An eye-opening tour of the south-of-the-border front.
The Mexican state of Chiapas, so much in the news in the mid-1990s thanks to Subcomandante Marcos and his black-masked comrades, has all but fallen off the media map these days. That does not mean that peace has come to the region. Weinberg (a freelance journalist affiliated with New York's WBAI public radio station) holds that "coverage of the ongoing rebellion is increasingly rare, and increasingly distorted"; Indians are still dying at the hands of the federal army, still being driven from their lands, but no one in El Norte seems to be listening. Weinberg chronicles recent events in Chiapas, which, by his account, is the victim of "a dirty war of attrition" that is bringing the state increasingly under Mexico City's control—thanks in some measure, he adds, to surreptitious aid from the US Army (which in 1996 alone trained thousands of Mexican officers in counterinsurgency tactics at Fort Bragg, North Carolina). Chiapas, Weinberg writes, is not alone: throughout Mexico, indigenous peoples and mixed-blood peasants are rising up to claim land and demand self-rule, battling not only the government but also the drug lords and "timber mafia" that seek to control the nation and its substantial wealth. Weinberg argues that the American government's actions, which range from turning a blind eye to Mexican government atrocities to militarizing the US-Mexico border, are misguided and of benefit only to "gringo politicians and the Mexican cartel jefes." Well documented if sometimes shrill, Weinberg's study offers only vague solutions to Mexico's ills. Its value comes from the author's close-hand reporting from little-visited corners of the country, and from his well-placed criticism of the effects of supposed free trade on Mexico's poor.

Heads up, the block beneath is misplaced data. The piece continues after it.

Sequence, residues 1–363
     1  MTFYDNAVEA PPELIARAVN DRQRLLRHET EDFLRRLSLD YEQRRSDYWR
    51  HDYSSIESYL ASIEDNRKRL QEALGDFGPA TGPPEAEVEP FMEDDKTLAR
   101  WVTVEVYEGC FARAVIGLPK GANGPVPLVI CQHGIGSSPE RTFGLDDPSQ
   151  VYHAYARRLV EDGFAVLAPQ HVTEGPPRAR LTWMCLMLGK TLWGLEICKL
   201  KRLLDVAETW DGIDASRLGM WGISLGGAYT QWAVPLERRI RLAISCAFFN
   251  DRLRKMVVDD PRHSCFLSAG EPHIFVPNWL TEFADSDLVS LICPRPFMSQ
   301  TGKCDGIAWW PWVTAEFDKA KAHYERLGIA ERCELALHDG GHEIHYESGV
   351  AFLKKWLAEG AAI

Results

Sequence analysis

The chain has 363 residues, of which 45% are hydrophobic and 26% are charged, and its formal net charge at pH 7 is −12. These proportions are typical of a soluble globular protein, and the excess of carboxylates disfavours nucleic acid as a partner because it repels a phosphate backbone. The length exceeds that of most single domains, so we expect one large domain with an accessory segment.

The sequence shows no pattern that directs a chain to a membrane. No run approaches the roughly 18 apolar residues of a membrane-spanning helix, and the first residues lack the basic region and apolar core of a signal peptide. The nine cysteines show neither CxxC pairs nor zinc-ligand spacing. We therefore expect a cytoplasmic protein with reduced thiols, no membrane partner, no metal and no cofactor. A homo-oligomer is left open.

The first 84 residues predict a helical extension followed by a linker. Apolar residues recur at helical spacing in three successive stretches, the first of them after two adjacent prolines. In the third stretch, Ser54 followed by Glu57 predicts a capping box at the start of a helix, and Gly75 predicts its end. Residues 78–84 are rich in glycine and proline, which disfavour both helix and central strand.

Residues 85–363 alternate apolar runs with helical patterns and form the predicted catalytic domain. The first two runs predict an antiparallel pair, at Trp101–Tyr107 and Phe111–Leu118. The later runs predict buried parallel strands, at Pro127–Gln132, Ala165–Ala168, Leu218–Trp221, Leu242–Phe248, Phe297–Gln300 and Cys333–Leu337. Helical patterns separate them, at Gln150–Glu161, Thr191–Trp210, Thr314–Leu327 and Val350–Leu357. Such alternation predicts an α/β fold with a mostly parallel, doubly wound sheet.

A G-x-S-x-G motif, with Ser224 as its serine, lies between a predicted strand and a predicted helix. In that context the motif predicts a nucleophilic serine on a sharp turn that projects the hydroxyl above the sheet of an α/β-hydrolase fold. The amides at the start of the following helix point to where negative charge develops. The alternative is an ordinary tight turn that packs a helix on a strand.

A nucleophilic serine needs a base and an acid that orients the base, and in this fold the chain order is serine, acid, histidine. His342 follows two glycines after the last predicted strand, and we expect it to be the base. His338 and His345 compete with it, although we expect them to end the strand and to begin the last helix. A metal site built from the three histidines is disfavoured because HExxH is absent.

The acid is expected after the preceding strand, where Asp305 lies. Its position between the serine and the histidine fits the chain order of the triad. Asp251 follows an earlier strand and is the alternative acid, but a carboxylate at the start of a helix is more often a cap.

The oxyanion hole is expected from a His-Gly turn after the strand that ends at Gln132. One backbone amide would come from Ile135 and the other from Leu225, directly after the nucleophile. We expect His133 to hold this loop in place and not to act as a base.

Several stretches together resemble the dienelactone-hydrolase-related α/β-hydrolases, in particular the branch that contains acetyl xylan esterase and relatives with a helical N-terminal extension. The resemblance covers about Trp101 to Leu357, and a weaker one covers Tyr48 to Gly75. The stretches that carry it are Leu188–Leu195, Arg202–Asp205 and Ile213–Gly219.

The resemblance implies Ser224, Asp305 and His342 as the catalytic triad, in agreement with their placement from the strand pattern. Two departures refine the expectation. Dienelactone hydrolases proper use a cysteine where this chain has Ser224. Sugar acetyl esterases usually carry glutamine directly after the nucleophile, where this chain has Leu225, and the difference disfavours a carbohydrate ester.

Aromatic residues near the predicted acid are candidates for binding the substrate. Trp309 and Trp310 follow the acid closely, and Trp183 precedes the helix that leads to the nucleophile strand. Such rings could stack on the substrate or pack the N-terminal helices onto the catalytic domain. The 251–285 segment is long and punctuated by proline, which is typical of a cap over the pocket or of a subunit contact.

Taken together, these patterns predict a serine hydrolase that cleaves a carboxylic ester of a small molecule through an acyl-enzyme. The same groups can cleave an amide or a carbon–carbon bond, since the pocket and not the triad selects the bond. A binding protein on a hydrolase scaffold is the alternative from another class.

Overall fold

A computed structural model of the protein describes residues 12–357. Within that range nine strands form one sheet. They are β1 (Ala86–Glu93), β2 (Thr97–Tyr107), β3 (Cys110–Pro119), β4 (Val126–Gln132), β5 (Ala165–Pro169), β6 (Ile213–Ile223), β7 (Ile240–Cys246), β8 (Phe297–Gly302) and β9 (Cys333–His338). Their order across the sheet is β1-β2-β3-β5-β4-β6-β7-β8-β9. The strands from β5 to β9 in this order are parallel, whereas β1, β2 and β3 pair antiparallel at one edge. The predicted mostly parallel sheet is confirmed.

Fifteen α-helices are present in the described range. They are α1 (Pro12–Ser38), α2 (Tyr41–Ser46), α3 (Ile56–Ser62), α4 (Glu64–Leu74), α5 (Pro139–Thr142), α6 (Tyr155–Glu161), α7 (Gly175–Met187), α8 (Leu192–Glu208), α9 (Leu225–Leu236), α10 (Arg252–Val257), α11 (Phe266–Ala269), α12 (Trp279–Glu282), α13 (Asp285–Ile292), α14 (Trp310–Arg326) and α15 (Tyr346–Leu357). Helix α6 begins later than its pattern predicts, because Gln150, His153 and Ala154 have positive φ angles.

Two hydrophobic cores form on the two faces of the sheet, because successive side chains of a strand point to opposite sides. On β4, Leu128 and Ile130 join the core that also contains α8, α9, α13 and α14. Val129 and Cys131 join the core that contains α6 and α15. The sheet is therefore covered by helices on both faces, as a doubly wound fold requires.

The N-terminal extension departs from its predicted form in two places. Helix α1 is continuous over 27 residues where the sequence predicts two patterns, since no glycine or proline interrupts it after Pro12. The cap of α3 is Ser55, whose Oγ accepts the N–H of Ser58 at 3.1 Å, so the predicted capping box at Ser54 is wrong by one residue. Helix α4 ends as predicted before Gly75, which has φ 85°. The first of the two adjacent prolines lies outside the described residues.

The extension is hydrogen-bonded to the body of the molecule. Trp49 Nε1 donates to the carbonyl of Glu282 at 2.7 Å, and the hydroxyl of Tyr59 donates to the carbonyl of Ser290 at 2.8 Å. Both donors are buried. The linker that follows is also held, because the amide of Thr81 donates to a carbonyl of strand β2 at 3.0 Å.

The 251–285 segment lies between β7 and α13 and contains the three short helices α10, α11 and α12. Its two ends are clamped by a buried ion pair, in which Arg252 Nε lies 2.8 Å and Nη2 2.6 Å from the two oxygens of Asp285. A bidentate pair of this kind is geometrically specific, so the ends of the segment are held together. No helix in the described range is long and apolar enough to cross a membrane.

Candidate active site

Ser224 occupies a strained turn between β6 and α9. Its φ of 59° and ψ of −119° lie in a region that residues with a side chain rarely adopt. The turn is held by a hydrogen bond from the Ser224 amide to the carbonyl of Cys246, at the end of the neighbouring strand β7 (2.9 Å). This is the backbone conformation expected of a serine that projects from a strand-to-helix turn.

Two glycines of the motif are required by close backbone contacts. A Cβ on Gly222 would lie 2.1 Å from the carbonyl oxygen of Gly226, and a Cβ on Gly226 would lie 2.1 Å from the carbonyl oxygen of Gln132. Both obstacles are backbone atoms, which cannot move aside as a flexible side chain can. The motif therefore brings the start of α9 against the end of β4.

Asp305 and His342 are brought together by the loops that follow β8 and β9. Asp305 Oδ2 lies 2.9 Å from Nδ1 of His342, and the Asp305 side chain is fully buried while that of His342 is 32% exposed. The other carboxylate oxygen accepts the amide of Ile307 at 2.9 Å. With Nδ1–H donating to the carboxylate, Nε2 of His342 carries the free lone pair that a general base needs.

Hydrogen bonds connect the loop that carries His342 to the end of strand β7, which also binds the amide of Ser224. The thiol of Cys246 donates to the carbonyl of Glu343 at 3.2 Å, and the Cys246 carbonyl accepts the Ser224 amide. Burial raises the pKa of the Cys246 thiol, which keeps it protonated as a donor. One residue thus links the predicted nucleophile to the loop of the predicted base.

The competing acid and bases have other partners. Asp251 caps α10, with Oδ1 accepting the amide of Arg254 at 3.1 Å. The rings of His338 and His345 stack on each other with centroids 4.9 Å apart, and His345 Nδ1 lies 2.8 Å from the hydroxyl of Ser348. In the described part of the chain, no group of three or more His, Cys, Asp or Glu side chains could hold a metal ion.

A useful, provocative study.